Great. Thanks, Tim. I’ll cover the noteworthy income statement categories. Starting with the net interest income. Some redundancy with Ed and Tim’s comments here, but we’ll just go through quickly. For the 4th quarter of 2021, net interest income totaled $296 million, an increase of $8.5 million as compared to the 3rd quarter of 2021 and an increase of $36.6 million as compared to the 4th quarter of 2020. The $8.5 million increase and net interest income in the 4th quarter compared to the prior quarter was primarily due to average earning asset growth, which was up 17.4% on an annualized basis over the prior quarter. Net interest margin decline of 4 basis points to 255, beneficial decline of 6 basis points for the rates paid on liabilities was offset by 7 basis point decline on the yield on earning assets and a 3 basis point decline in the net free funds contribution resulting in the decline in the reported net interest margin.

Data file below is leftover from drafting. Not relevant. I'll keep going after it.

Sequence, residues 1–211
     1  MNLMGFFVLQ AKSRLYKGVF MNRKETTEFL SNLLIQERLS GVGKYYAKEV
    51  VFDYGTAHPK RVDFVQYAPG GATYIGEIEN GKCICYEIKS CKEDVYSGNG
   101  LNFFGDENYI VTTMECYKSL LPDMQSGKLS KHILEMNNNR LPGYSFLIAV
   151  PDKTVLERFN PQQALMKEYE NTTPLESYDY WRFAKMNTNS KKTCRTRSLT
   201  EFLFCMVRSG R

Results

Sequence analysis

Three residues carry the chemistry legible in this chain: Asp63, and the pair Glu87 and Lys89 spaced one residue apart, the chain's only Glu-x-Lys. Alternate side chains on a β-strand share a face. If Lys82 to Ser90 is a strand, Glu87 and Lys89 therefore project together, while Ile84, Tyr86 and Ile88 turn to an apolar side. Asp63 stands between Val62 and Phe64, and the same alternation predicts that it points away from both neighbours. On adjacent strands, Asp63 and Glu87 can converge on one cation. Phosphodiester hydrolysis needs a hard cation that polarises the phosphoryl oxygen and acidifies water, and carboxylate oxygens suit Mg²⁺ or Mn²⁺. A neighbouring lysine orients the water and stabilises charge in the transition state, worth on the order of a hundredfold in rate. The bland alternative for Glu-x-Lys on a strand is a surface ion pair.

The yield on earning asset decline in the 4th quarter compared to the 3rd quarter as Tim said was almost entirely due to the short-term liquidity build that we had during the quarter. And the decline in the interest-bearing liability rate was primarily associated with a 5 basis point decline in our interest bearing deposits, mostly due to the repricing of time deposits.